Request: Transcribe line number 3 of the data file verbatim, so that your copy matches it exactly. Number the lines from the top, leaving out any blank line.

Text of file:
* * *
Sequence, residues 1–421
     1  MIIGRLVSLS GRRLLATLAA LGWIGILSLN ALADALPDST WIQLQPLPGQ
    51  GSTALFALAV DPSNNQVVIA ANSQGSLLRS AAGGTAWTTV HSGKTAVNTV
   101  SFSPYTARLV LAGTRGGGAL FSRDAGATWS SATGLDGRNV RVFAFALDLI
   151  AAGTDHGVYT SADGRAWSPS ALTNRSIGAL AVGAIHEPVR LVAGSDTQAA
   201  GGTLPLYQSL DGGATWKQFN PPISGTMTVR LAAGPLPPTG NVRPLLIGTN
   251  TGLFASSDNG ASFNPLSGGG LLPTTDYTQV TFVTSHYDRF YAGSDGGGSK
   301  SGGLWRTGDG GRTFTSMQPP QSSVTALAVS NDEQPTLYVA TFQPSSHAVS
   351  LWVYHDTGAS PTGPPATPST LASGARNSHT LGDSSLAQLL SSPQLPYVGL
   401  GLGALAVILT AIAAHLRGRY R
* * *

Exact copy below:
    51  GSTALFALAV DPSNNQVVIA ANSQGSLLRS AAGGTAWTTV HSGKTAVNTV